Posts Tagged ‘full-frame’

POTD: Residenzbrunnen – in the heart of historic Salzburg, Austria

Sunday, August 24th, 2014

Photo of the Day: Resinzbrunnen is the grand baroque fountain that sits in the middle Residenzplatz – right in the centre of Salzburg Altstadt (old town).

We couldn’t resist splashing the water in the fountain as well when we visited the Residenzbrunnen. Photo taken with a Sony A7 full-frame mirrorless interchangeable lens camera, with Vario-Tessar T* FE 24-70mm F4 ZA OSS full-frame E-mount zoom lens. Photo credit: John Tan.

We couldn’t resist splashing the water in the fountain as well when we visited the Residenzbrunnen. Photo taken with a Sony A7 full-frame mirrorless interchangeable lens camera, with Vario-Tessar T* FE 24-70mm F4 ZA OSS full-frame E-mount zoom lens. Photo credit: John Tan.

It is also the fountain that Maria – in the movie “The Sound of Music” – splashes as she sings “I have confidence in me”, on her way to the von Trapp home.

The Residenzbrunnen is located in the middle of the Residenzplatz, one of the most popular tourist spots in Salzburg.  Photo taken with a Sony A7 with 24-70mm lens. Sepia effect added with Adobe Photoshop CC (2014). Photo credit: John Tan.

The Residenzbrunnen is located in the middle of the Residenzplatz, one of the most popular tourist spots in Salzburg. Photo taken with a Sony A7 with 24-70mm lens. Sepia effect added with Adobe Photoshop CC (2014). Photo credit: John Tan.

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POTD: Cavalia the equestrian extravaganza in Singapore

Sunday, August 17th, 2014

Photo of the Day: Cavalia is an equestrian theatrical performance that leverages innovative multimedia displays and multi-disciplinary performances. It is now running in Singapore from 12 August to 14 September 2014.

* All the photos in this article (except the portrait of Alain Gaulthier) were taken with a Sony A7R full-frame mirrorless interchangeable lens camera, with a 55-210mm E-mount zoom lens. Photo credit: John Tan.

This pretty lady kept looking in my direction, so I took a portrait for her.

This pretty lady kept looking in my direction, so I took a portrait for her.

The production was created by Normand Latourelle, one of the co-founders of the famed Cirque du Soleil.

Hailing from Montreal in Canada, the lavish production involves 50 horses and 46 riders, aerialists, acrobats, dancers and musicians from all over the world.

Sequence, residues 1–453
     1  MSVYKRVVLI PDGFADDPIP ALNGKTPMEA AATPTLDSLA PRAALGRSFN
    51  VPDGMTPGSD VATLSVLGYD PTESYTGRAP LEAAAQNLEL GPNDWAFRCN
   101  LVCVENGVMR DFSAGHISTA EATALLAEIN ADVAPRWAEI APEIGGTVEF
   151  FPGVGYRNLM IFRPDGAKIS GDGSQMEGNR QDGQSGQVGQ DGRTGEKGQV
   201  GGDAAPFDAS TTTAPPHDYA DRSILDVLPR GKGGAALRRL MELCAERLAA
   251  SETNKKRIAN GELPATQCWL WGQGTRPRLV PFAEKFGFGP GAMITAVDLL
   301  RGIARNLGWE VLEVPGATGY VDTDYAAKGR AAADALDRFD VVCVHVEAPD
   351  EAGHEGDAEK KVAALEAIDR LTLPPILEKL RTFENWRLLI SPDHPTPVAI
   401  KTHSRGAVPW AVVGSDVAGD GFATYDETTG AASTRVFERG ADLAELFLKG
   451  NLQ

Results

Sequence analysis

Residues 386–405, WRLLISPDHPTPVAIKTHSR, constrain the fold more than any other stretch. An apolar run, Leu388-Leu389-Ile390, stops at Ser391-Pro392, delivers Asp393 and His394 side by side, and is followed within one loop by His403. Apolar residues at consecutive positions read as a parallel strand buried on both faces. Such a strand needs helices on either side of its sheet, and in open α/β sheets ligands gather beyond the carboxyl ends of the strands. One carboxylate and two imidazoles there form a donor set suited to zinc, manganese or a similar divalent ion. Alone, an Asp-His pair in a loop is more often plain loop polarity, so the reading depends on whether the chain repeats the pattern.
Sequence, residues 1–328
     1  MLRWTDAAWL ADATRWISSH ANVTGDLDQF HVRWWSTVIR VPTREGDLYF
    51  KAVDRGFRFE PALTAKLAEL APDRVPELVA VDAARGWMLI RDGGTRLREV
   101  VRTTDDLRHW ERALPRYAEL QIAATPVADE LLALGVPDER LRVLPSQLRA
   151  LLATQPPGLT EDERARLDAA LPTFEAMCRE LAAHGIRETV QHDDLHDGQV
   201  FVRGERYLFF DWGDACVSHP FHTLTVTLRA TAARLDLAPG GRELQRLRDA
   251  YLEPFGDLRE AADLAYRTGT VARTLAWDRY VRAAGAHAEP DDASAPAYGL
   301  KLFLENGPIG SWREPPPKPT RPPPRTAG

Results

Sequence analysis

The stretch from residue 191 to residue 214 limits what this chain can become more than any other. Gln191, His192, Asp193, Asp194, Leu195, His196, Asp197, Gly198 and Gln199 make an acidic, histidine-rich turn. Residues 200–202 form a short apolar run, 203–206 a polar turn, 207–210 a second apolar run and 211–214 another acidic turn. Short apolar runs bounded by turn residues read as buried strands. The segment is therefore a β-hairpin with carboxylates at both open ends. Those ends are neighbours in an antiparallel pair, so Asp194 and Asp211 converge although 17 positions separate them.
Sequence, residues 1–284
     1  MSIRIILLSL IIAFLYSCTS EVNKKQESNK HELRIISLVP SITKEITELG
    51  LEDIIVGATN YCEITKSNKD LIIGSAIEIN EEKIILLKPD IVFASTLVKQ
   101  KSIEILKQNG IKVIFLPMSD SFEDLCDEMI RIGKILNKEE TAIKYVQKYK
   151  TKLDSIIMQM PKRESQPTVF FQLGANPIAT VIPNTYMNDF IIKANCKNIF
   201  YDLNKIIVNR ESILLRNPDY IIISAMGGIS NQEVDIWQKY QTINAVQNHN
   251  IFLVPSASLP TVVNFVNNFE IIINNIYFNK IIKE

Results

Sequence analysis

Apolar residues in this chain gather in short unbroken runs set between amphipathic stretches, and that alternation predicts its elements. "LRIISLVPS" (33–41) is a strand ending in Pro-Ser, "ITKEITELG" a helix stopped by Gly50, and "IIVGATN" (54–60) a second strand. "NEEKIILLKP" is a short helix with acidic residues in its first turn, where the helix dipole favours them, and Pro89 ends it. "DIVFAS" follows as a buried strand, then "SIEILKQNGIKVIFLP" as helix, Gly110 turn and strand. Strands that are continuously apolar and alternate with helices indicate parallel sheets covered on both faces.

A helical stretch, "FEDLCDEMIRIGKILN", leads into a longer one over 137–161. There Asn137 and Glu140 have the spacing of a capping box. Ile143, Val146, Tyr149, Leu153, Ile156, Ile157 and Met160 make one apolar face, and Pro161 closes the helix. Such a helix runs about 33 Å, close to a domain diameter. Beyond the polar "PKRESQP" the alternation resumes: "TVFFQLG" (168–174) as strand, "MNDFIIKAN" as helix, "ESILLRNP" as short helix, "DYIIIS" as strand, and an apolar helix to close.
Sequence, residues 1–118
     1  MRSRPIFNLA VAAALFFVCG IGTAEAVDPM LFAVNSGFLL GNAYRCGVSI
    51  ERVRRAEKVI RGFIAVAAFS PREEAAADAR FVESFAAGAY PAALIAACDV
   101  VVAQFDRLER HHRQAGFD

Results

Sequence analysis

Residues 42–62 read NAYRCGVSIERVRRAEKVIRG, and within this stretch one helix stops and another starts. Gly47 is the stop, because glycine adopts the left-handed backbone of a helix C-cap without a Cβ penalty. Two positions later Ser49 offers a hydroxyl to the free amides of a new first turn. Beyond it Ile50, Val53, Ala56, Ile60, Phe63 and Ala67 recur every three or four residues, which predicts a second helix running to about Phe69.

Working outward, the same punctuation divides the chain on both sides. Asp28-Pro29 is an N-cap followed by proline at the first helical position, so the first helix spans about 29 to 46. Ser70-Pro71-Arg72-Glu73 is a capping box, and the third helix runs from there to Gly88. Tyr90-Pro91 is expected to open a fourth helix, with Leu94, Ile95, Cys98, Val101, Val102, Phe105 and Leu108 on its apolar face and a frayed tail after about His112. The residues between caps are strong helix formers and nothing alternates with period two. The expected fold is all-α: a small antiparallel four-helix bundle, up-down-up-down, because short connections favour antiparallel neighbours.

Since the show’s debut in 2003, some 4 million people from North America, Europe, Australia and the Middle East have watched the show.

Cast and dancers of Cavalia at the end of the show. I love how the lady's face lit up when she turned around and smiled at her fellow dancer.

Cast and dancers of Cavalia at the end of the show. I love how the lady’s face lit up when she turned around and smiled at her fellow dancer.

There has been more than 2,400 performances over the course of ten years. The 50 horses in Cavalia comprises 11 different breeds.

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POTD: Nonnberg Abbey – where Maria von Trapp was a postulant

Thursday, August 7th, 2014

Photo of the Day: Nonnberg Abbey (Stift Nonnberg) is a Benedictine monastery in Salzburg, Austria.

This was the convent where Maria served as a postulant before she was sent to look after the children of Captain von Trapp in the musical and movie “The Sound of Music”.

Graves within the compounds of the Nonnberg Abbey, just outside the Abbey Church. The entrance to the church can be seen in the background.

Graves within the compounds of the Nonnberg Abbey, just outside the Abbey Church. The entrance to the church can be seen in the background.

Maria Augusta Kutschera had joined Nonnberg Abbey as a postulant after graduating from college when she was eighteen.

As a postulant, she was requesting admission into the Abbey as a nun, which may or may not be granted.

The original plan was for her to look after one of Georg von Trapp’s daughters and return after 10 months to formally enter the nunnery.

She eventually went on to look after all of Georg’s seven children and agreed when the latter proposed to her, asking her to stay with him and become a second mother to his children.

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POTD: Villa Trapp in Austria – where The Sound of Music began

Sunday, August 3rd, 2014

Photo of the Day: Our first two nights in Austria were at the Villa Trapp, the original mansion of the Von Trapp family, in the suburbs of Salzburg.

The entrance to the Villa Trapp - where the real von Trapp family lived and played.

The entrance to the Villa Trapp – where the real von Trapp family lived and played.

* All the photos in this article were taken with a Sony A7 full-frame mirrorless interchangeable lens camera, with Vario-Tessar T* FE 24-70mm F4 ZA OSS full-frame E-mount zoom lens. Photo credit: John Tan.

The back of Villa Trapp with the lawn and facing the mountains. We picnic-ed for lunch here upon arrival on the first day.

The back of Villa Trapp with the lawn and facing the mountains. We picnic-ed for lunch here upon arrival on the first day.

I first watched the movie, “The Sound of Music” as a child and loved it – so did my entire family.